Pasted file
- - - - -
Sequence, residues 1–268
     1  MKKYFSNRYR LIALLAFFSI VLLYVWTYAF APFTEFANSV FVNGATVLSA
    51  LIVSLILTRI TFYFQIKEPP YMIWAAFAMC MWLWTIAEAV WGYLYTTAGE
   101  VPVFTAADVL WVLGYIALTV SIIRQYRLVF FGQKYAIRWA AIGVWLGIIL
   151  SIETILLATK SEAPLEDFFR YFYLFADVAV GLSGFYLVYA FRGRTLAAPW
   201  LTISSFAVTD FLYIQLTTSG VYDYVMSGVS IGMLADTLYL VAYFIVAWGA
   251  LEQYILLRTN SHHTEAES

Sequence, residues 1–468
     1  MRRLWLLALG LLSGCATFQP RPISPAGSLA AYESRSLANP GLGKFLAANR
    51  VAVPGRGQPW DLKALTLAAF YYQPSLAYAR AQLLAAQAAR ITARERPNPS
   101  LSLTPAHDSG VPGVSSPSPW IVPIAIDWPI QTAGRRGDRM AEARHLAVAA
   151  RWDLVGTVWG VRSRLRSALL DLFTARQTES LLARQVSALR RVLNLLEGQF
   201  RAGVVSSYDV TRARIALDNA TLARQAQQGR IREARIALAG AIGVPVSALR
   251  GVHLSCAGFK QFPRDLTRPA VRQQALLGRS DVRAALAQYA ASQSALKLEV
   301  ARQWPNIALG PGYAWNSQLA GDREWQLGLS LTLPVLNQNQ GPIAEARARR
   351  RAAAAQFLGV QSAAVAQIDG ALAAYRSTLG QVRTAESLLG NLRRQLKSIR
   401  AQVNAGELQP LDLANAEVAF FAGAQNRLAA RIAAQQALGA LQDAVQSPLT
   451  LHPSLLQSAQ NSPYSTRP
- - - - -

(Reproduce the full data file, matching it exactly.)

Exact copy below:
Sequence, residues 1–268
     1  MKKYFSNRYR LIALLAFFSI VLLYVWTYAF APFTEFANSV FVNGATVLSA
    51  LIVSLILTRI TFYFQIKEPP YMIWAAFAMC MWLWTIAEAV WGYLYTTAGE
   101  VPVFTAADVL WVLGYIALTV SIIRQYRLVF FGQKYAIRWA AIGVWLGIIL
   151  SIETILLATK SEAPLEDFFR YFYLFADVAV GLSGFYLVYA FRGRTLAAPW
   201  LTISSFAVTD FLYIQLTTSG VYDYVMSGVS IGMLADTLYL VAYFIVAWGA
   251  LEQYILLRTN SHHTEAES

Sequence, residues 1–468
     1  MRRLWLLALG LLSGCATFQP RPISPAGSLA AYESRSLANP GLGKFLAANR
    51  VAVPGRGQPW DLKALTLAAF YYQPSLAYAR AQLLAAQAAR ITARERPNPS
   101  LSLTPAHDSG VPGVSSPSPW IVPIAIDWPI QTAGRRGDRM AEARHLAVAA
   151  RWDLVGTVWG VRSRLRSALL DLFTARQTES LLARQVSALR RVLNLLEGQF
   201  RAGVVSSYDV TRARIALDNA TLARQAQQGR IREARIALAG AIGVPVSALR
   251  GVHLSCAGFK QFPRDLTRPA VRQQALLGRS DVRAALAQYA ASQSALKLEV
   301  ARQWPNIALG PGYAWNSQLA GDREWQLGLS LTLPVLNQNQ GPIAEARARR
   351  RAAAAQFLGV QSAAVAQIDG ALAAYRSTLG QVRTAESLLG NLRRQLKSIR
   401  AQVNAGELQP LDLANAEVAF FAGAQNRLAA RIAAQQALGA LQDAVQSPLT
   451  LHPSLLQSAQ NSPYSTRP